Remote sensing is the process of acquiring details about an object without physical on-site observation using satellite or aircraft. Remote sensors are mounted on the aircraft or satellites to gather data via detecting energy reflected from the Earth. Remote sensing has been beneficial to scientists who are in constant need of data as it pertains to land, ocean, and the atmosphere.
History Of The Remote Sensing Technoloy
The remote sensing discipline has undergone several advancements in recent years as the field of photography and the innovation of aircraft facilitated the development of the discipline. It wasn’t until 1960 that the term remote sensing was adopted. Before that, the term aerial photography was the common term used. Aerial photography at the time portrayed black and white images and new technologies and methods were emerging which promoted more detailed graphic images. Computer technology further enabled a digital form of imagery. During the 1960s and 1970s satellites became favored over aircraft by countries such as the US and Russia, since they could carry out monitoring on a regular basis. The system has enabled scientists to gather data from places which would not be possible to see or visit.
Overview Of Remote Sensing
Remote sensing can either be carried out by passive or active remote sensors. Passive sensors gather radiation from external stimuli. They respond to the energy reflected from Earth’s surface. The primary source of energy relied upon by passive sensors is reflected sunlight. Radiometers, infrared, and film photography are examples of passive remote sensors. Active sensors, on the other hand, depend on internal stimuli for data collection. They reflect energy to the particular area, and after detection, they measure the energy reflected from the region. Examples of such sensors include the Lidar, which projects laser light to measure the distance to a target. One of the most notable satellites which have enabled remote sensing is Landsat, a project conceived in the US. Since its launch, millions of images have been acquired with far-reaching benefits to governments, scientific organizations, and businesses.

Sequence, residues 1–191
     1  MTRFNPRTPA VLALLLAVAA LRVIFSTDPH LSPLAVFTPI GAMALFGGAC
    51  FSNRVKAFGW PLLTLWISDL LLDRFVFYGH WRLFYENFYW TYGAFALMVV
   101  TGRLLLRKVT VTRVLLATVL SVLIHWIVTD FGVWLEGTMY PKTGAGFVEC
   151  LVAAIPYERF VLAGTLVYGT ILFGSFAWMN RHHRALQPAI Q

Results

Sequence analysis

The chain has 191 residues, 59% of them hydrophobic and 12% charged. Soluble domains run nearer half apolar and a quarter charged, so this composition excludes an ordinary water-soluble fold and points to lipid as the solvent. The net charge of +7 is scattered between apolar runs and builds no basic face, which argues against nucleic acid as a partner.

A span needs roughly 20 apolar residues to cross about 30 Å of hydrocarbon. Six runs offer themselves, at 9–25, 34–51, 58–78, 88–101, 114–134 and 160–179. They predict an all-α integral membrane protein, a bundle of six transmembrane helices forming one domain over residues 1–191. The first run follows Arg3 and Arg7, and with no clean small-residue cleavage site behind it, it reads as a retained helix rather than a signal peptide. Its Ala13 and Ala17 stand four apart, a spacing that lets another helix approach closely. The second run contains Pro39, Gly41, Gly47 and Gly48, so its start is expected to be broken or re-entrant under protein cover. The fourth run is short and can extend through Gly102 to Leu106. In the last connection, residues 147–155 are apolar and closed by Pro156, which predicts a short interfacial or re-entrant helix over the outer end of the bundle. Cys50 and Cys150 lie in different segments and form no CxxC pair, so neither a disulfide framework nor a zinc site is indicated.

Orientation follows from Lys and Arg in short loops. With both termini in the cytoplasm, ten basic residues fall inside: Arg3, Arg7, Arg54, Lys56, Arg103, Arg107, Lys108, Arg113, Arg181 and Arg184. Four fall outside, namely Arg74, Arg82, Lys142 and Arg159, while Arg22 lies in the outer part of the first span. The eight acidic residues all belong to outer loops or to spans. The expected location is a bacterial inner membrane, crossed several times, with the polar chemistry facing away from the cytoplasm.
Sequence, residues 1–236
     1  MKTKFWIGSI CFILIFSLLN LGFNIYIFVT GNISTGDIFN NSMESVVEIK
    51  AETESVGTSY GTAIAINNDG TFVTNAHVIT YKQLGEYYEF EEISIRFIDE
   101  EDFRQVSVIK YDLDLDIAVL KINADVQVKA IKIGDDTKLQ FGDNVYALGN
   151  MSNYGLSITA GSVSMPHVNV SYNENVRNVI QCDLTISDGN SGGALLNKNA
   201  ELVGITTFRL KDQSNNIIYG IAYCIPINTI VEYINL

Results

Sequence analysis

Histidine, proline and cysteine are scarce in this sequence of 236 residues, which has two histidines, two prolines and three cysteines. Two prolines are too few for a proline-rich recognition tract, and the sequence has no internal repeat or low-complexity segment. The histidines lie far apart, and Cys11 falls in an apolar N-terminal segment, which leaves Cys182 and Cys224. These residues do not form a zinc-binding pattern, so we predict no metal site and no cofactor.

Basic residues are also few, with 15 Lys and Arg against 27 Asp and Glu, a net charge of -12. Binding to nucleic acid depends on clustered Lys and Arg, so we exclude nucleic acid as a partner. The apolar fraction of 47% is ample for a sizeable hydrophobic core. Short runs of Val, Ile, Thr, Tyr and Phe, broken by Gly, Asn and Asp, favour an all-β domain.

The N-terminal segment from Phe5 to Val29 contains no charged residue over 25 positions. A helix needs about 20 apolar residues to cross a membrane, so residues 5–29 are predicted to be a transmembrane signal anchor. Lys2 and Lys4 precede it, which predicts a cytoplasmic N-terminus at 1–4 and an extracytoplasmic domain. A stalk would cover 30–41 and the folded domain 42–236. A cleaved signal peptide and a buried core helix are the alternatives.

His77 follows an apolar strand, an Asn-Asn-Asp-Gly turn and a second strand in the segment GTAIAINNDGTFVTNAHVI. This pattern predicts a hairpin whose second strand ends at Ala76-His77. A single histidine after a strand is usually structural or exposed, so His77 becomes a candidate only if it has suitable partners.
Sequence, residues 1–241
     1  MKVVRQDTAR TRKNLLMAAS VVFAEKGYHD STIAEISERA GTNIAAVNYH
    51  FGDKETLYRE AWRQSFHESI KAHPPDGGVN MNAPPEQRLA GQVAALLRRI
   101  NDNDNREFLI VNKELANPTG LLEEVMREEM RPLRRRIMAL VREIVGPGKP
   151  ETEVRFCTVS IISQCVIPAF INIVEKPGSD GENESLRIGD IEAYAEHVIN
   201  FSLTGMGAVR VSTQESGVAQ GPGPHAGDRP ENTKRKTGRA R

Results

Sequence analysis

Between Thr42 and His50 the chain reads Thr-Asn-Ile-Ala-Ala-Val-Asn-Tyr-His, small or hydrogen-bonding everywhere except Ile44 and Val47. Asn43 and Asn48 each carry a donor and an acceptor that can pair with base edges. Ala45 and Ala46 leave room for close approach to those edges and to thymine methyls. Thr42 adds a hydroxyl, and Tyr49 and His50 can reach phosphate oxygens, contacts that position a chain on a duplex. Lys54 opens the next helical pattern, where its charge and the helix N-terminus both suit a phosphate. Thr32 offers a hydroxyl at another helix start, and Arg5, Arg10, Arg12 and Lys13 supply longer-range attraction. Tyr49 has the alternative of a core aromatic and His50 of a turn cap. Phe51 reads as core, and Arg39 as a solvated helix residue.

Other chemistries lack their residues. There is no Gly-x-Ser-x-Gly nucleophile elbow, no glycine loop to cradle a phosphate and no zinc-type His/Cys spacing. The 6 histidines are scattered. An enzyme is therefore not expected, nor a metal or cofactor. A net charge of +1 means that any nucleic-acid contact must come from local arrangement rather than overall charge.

Applications Of Remote Sensing In Geography
Remote sensing helps people acquire information about the Earth. It is thus essential to hazard assessment as well as the monitoring of land degradation and conservation. The system tracks wild weather, from floods, earthquakes, to hurricanes and data collected can be interpreted to analyze the destruction caused by natural disasters. Such data can be used to formulate strategies to be implemented before and after disasters. Since the system can access areas inaccessible to humans, it can monitor the impact of deforestation on significant regions (including the Amazon Basin) and can also map out areas that need protection. The system is particularly essential in environmental monitoring and natural resource management, and it surveys the human impact on the environment. Remote sensing is also useful in oceanography as it tracks ocean circulation, temperature, and wave heights to understand ocean resources better. The system is used in geology and mineral exploration, forestry, and agriculture.
Limitations Of Remote Sensing
The resolution of images produced by satellites can be too coarse to identify small contrasting areas and undertake detailed mapping. The process of analyzing data collected is complicated and cost-intensive, and measurement uncertainty is often large. The costs of running a remote sensing system can be expensive especially for small and developing countries with inadequate finances, technology gaps, and lack of trained personnel.
What is Remote Sensing?
Remote sensing is the process of acquiring details about an object without a physical on-site observation by means of satellite technology. Remote sensors are mounted on the aircraft or satellites to gather data via detecting energy reflected from the Earth
About the Author
Benjamin Elisha Sawe holds a Bachelor of Arts in Economics and Statistics and an MBA in Strategic Management. He is a frequent World Atlas contributor.
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